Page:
Teens inhaling risky chemicals in e-cigarettes, new research says

  • Teens inhaling risky chemicals in e-cigarettes, new research says

Teens inhaling risky chemicals in e-cigarettes, new research says

After the 2016 CDC report was released, the president of the American Academy of Pediatrics Dr Benard Dreyer called the increasing rates of e-cigarette use among youths a "major public health concern".

"Although e-cigarette vapor may be less hazardous than tobacco smoke, our findings can be used to challenge the idea that e-cigarette vapor is safe, because numerous volatile organic compounds we identified are carcinogenic", the study read.

"Among our e-cigarette-only participants, the use of fruit-flavored products produced significantly higher levels of the metabolites of acrylonitrile", the scientists wrote in their findings.

The Modified-Risk Tobacco Products (MRTP) are created to help smokers (willing or not to quit smoking) obtain a safer alternative to combusted tobacco cigarettes.

Study participants who used both e-cigarettes and traditional cigarettes had significantly higher levels of risky chemicals, including acrylonitrile, acrolein, propylene oxide, acrylamide and crotonaldehyde, the researchers said.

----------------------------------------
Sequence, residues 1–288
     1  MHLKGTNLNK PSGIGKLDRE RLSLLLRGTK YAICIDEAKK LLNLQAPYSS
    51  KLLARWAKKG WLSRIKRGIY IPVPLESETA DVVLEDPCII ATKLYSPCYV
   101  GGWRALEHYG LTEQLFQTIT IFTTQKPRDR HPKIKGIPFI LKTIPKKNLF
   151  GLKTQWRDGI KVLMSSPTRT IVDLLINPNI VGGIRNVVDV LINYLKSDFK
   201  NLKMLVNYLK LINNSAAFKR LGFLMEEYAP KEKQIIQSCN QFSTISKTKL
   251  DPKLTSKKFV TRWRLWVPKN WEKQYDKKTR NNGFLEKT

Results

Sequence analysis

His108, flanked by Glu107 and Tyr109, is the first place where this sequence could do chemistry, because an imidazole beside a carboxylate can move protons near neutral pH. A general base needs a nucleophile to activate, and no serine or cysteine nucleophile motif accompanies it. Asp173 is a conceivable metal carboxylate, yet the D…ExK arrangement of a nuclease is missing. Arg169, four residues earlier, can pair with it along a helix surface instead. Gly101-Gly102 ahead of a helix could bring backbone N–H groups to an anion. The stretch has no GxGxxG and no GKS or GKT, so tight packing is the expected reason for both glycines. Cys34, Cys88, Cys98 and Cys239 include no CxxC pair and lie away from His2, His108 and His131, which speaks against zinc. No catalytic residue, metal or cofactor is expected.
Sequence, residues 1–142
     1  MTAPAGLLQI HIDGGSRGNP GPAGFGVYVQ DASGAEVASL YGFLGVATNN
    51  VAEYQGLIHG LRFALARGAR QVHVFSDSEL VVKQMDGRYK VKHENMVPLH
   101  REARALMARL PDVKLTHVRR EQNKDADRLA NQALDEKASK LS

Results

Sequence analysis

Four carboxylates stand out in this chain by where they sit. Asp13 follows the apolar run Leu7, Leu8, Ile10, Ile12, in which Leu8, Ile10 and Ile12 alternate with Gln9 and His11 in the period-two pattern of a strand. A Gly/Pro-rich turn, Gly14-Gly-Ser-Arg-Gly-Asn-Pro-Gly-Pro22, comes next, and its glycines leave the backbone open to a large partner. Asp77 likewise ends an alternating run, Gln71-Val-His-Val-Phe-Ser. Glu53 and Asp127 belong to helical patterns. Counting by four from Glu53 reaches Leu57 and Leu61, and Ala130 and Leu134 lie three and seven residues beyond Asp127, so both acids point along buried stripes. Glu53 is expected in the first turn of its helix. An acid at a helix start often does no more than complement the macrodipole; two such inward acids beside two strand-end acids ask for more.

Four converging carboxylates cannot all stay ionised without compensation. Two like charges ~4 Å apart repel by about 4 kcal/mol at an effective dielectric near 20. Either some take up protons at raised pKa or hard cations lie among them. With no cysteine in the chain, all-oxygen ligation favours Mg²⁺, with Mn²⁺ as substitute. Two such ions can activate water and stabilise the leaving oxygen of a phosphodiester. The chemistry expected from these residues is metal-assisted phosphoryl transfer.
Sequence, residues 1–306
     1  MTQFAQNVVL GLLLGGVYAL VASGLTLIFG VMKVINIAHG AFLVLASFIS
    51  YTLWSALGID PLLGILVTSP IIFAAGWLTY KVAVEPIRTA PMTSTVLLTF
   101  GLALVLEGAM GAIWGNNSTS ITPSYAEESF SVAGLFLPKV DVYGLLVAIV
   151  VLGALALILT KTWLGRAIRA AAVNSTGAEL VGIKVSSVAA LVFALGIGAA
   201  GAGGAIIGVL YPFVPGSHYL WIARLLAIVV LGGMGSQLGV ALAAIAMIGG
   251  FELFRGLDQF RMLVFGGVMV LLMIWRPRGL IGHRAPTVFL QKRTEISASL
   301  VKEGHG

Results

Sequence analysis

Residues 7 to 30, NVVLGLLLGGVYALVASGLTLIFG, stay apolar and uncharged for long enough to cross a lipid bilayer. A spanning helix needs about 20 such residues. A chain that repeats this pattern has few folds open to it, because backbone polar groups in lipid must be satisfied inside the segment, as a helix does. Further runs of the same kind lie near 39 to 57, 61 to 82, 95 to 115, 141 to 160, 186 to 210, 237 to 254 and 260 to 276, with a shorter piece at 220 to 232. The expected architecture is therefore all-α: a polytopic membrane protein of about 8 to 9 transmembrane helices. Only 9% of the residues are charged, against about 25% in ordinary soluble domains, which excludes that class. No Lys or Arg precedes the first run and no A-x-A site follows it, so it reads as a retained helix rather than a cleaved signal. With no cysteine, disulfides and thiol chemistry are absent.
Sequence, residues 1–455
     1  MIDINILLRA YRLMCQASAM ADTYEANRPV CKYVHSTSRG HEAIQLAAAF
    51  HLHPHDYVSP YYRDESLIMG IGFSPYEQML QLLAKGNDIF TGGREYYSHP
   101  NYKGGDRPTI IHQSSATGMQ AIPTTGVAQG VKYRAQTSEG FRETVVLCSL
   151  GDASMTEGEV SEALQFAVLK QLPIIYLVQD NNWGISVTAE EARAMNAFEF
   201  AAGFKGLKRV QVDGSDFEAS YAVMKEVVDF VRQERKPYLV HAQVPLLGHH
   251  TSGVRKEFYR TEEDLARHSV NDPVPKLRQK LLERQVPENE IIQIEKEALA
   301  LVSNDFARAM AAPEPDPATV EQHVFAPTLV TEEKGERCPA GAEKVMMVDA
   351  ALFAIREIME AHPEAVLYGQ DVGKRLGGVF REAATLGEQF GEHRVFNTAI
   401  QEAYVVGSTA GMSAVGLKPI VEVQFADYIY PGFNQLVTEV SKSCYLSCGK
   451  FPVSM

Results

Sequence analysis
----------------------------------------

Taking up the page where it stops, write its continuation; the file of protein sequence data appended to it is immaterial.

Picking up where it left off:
"We touch on vaping and electronic cigarettes and how electronic cigarettes also have some chemicals that have been found to cause cancer", Meza said.

E-CIGARETTES could increase your risk of cancer even when there's no trace of nicotine, experts have warned.

Propylene oxide and crotonaldeyde are probable carcinogens, the EPA says, while acrylamide's role in causing cancer is more controversial.

Hess said there are countless other studies that prove vaping is 95 percent safer than smoking traditional cigarettes. "While they may be beneficial to adults as a form of harm reduction, kids should not be using them at all".

In their turn, the teenagers who consume e-cigs, exclusively, presented by 300% higher amounts of toxins in their urine samples in comparison to the teenagers who don't smoke or vape.

The study said in its conclusion that messaging to teenagers about e-cigarettes should include warnings about the potential risk from toxic exposure to carcinogenic compounds generated by the products.

"The FDA's ban on truthful, non-misleading statements about the relative health risks of e-cigarettes and the substances contained in e-cigarette vapor will inevitably keep millions of smokers from hearing facts that could persuade them to switch to e-cigarettes-a decision that could ultimately save their their lives", pointed out NJOY. Just as with traditional tobacco cigarettes, many teens do not think they will get addicted to the nicotine and/or feel they will quit before they become addicted and suffer the negative consequences accompanying continued use.

"So while it sounds terrible, they don't compare it to cigarettes and they're not telling you what the levels in these devices are", owner of Norcal Vape Keri Hess said.

At WC Vapor in Roanoke, William Justice is singing the praises of e-cigarettes.